Winds of change

Corporate investment in renewables projects is critical to an energy-secure future

Winds of change

After many delays, SA is set to profit from the power created by its sun-drenched interior and wind-swept coastline. Renewable energy is now officially cheaper than the country’s coal-fired power, and has been sparking ever-more competitive procurement auction rounds and innovative funding partnerships. Government’s Renewable Energy Independent Power Producer Procurement (REIPPP) programme – which kicked off in 2011 but stalled during Bid Window (BW) 4 in 2015 and only opened BW 5 in 2021 – announced the cheapest cost yet for clean energy.

The lowest bid was 37.5c/kWh for solar PV and even less for onshore wind power (34.4c/kWh). This refers to the all-in cost, including construction, maintenance and operation (M&O) of the solar- or wind-energy plant to supply renewable energy into the Eskom grid.

The 25 preferred bidders of BW 5 (with a combined investment value of R50 billion) were announced in October 2021, with the weighted average bid price at R473.94/MWh, according to Department of Mineral Resources and Energy (DMRE) figures. Eskom’s cost for buying coal is reportedly 42c/kWh, but that excludes construction and M&O of power stations. ‘The average price [for renewables] would have been even lower if it was not for the grid constraints that prevent some of the cheaper projects from being selected as preferred bidders,’ notes the DMRE. ‘More investment in grid infrastructure is a critical requirement to ensure participation by cheaper renewable projects in future, especially in those areas with higher solar-radiation yield.’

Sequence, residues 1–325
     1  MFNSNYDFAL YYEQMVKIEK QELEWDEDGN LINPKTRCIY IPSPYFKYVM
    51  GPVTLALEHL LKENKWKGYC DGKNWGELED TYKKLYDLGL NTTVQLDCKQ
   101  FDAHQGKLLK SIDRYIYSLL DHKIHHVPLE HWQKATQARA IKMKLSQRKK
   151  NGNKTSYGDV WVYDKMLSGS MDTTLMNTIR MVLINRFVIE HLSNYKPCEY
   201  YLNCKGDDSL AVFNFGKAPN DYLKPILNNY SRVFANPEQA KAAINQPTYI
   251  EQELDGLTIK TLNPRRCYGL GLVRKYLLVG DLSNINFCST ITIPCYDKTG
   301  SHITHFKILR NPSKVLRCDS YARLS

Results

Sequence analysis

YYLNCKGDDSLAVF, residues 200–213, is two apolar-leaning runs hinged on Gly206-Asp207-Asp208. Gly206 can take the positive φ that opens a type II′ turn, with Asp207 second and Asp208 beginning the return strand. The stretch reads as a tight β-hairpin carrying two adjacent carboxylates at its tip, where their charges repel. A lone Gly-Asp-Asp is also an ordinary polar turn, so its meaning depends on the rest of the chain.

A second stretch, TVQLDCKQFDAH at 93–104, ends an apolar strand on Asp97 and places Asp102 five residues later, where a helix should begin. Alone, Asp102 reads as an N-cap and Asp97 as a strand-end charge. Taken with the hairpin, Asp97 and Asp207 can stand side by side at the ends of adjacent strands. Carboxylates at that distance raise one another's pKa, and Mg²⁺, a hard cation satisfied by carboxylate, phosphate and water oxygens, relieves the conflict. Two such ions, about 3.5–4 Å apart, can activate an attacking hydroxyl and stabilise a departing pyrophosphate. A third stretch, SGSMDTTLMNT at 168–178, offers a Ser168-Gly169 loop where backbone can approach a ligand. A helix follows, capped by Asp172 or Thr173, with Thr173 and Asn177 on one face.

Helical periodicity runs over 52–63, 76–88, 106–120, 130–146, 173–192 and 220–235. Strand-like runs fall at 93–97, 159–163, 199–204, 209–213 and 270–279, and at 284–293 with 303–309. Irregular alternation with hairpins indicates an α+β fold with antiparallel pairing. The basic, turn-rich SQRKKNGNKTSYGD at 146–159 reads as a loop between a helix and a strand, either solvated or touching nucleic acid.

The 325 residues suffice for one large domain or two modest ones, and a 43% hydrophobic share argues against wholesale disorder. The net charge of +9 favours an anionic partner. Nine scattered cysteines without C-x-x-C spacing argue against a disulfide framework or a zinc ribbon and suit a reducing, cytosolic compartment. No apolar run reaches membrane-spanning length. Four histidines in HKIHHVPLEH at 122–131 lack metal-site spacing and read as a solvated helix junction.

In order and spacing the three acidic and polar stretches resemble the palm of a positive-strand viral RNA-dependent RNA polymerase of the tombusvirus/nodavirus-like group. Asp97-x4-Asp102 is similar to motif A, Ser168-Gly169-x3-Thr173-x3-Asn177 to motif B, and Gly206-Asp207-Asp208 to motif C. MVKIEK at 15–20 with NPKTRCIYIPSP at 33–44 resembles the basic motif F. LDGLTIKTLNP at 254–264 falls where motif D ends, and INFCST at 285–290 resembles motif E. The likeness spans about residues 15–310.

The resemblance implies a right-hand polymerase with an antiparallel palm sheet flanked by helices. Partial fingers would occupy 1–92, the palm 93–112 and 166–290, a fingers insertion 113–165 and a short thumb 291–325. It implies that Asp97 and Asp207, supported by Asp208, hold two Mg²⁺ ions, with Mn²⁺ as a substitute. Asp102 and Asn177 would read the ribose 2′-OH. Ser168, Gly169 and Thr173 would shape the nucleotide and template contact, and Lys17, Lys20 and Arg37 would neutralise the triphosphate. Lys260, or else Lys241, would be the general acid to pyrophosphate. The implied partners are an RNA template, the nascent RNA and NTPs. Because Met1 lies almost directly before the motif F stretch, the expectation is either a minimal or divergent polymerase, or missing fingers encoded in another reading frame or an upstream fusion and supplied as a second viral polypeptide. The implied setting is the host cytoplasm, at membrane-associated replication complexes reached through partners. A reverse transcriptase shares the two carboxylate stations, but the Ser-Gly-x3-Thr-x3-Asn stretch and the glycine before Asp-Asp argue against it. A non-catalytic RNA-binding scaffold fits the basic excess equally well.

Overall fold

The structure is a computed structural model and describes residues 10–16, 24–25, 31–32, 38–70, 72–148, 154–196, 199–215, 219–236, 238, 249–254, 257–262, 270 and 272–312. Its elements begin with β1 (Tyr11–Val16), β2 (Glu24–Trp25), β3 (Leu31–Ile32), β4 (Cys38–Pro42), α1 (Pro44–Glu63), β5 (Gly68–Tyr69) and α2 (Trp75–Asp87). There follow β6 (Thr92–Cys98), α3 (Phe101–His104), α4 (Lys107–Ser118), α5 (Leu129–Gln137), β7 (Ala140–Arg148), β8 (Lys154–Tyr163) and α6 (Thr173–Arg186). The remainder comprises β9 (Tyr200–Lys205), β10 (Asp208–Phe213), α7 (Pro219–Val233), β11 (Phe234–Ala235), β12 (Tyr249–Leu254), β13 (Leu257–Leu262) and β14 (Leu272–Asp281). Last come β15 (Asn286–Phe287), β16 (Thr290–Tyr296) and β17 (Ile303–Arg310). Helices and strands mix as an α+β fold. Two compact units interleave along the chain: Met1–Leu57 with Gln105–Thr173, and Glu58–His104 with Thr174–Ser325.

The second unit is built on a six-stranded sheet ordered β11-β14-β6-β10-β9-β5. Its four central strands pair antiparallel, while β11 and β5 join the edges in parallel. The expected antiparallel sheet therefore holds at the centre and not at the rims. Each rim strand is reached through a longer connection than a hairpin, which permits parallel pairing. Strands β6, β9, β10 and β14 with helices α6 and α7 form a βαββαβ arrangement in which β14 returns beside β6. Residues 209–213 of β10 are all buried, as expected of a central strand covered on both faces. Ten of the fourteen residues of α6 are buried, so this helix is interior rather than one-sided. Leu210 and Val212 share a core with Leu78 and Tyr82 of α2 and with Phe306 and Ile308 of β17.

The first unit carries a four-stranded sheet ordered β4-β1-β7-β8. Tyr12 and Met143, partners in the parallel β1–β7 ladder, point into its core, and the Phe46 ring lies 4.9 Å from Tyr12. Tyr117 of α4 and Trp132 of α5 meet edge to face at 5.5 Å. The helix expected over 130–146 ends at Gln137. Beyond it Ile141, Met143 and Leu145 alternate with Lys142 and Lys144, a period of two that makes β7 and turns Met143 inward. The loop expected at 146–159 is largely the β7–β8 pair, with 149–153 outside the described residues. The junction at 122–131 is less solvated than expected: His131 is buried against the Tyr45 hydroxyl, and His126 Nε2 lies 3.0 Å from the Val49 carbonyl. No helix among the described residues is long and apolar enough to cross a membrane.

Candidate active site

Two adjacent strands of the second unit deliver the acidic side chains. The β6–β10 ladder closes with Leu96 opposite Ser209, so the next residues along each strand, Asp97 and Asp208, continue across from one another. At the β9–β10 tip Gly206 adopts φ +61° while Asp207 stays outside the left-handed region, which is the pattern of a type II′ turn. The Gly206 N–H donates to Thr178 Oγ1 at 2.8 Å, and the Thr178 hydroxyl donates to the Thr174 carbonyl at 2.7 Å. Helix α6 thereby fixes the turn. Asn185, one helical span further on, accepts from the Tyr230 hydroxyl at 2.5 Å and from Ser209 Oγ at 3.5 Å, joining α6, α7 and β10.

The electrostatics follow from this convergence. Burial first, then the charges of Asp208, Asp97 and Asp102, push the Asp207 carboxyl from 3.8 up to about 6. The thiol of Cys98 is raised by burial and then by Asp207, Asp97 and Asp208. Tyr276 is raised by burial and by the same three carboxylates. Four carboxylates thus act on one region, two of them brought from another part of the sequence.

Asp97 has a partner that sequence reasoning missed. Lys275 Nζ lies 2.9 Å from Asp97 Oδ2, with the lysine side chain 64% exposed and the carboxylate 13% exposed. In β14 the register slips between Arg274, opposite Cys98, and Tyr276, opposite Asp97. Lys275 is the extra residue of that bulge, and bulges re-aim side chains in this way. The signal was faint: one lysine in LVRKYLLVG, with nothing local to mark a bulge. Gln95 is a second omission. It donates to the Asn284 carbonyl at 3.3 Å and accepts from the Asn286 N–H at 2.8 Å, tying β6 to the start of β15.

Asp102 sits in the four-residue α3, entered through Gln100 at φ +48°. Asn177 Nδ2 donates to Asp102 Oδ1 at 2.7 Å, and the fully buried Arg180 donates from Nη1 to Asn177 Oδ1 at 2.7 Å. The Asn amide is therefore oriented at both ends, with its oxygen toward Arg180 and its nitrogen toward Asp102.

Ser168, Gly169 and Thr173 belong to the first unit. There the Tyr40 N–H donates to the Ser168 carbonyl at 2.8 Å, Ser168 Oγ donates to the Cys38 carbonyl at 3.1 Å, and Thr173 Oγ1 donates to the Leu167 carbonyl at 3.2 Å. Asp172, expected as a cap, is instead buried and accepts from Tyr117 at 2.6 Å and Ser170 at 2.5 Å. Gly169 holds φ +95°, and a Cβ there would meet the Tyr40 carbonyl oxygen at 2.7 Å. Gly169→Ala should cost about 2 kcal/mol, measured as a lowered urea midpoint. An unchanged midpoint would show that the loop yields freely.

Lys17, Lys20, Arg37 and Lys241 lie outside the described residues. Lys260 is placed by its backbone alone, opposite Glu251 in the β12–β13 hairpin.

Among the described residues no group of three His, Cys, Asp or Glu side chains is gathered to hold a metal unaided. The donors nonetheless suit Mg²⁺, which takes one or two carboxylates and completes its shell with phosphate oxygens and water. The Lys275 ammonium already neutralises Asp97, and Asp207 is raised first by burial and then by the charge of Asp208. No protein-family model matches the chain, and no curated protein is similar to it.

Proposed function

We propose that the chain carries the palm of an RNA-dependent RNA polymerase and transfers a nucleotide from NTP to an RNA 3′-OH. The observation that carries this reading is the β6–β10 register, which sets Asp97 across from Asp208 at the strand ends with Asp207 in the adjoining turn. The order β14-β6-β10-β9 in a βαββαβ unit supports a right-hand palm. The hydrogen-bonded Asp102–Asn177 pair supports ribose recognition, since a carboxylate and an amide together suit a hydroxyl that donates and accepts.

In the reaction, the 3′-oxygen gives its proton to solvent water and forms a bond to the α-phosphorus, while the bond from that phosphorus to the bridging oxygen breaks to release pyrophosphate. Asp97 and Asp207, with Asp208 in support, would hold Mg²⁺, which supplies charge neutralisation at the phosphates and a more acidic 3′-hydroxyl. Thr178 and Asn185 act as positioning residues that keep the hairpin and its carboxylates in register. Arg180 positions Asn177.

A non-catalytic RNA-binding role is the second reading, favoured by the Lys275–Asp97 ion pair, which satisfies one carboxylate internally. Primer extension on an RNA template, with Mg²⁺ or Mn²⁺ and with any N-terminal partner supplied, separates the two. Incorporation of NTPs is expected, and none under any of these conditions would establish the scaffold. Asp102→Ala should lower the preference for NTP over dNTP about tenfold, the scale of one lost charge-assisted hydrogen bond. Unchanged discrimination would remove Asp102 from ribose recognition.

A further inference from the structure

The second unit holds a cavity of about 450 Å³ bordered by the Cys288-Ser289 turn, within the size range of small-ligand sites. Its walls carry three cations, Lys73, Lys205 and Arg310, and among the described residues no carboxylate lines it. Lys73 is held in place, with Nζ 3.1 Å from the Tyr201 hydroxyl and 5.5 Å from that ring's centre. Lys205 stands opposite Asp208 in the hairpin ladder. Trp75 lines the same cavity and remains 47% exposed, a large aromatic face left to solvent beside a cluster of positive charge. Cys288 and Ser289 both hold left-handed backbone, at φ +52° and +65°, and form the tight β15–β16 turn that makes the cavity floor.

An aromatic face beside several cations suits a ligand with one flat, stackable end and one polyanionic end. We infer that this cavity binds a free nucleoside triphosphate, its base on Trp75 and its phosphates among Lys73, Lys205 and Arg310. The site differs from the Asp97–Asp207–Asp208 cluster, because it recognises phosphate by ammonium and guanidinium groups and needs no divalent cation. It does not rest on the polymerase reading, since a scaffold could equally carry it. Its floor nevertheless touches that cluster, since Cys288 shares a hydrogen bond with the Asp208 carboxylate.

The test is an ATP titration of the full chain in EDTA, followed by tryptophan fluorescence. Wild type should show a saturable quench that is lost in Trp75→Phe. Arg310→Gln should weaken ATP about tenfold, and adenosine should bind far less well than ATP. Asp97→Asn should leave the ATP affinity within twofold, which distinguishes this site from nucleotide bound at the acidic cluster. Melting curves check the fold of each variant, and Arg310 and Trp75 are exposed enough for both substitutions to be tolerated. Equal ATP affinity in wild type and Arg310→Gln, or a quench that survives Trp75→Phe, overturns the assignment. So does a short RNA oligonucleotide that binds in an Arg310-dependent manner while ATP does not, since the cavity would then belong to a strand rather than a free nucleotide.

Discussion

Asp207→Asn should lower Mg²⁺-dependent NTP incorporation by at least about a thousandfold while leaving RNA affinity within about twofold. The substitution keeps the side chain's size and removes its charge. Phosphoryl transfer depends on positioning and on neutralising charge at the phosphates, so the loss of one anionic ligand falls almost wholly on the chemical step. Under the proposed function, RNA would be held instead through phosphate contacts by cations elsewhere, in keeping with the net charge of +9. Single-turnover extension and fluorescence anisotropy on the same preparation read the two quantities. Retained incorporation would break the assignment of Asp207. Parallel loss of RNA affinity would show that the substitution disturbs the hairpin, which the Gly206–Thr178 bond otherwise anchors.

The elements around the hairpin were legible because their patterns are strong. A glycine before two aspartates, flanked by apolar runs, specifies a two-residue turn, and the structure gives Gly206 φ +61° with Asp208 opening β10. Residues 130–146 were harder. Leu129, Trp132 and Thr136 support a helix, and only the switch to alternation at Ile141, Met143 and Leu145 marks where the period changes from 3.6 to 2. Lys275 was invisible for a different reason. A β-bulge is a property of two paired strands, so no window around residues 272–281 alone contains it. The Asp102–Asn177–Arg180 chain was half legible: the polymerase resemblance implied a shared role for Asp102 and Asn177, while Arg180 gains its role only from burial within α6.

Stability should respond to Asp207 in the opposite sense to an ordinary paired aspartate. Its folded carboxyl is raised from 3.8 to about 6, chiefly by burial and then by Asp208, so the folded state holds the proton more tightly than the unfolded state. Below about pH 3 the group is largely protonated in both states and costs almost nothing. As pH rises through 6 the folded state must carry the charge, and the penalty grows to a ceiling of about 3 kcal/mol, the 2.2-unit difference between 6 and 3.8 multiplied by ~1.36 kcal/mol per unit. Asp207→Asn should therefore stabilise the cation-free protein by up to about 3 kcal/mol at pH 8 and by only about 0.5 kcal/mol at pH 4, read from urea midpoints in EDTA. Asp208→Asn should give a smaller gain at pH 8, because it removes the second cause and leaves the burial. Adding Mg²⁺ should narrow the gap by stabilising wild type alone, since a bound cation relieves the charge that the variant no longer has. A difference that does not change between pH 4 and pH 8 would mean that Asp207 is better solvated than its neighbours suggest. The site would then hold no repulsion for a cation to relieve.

With the appointment of the BW 5 preferred bidders, available grid connection capacity in the Northern Cape has been ‘fully’ – and in the Western Cape ‘almost fully’ – saturated, the ministry states. Both provinces are historically popular sites for renewable energy – the expansive, arid Northern Cape for solar and the blustery Western Cape (together with the Eastern Cape) for wind.

The country’s ambitious clean-energy expansion plans rely on private investment, as the current 5.4 GW of solar, wind and battery projects connected to the national grid will see at least 20.4 GW being added within the next three years. This, according to journalist Nick Hedley, is the combined gigawatt amount from REIPPP BWs 4 to 7, government’s risk-mitigation programme, as well as storage, municipal and mining-sector projects.

‘Investors should start thinking about decarbonising their investment portfolios; but we must also consider the real-world infrastructure investments in, for example, renewable energy, needed to achieve net-zero targets over the next three to four decades,’ says Robert Lewenson, head of responsible investment at Old Mutual Investment Group (OMIG). ‘We are in the top 5% of the world in terms of the quality of both our solar and wind resources; and modelling has been done to show that our base load peak demand can be met with renewable energy.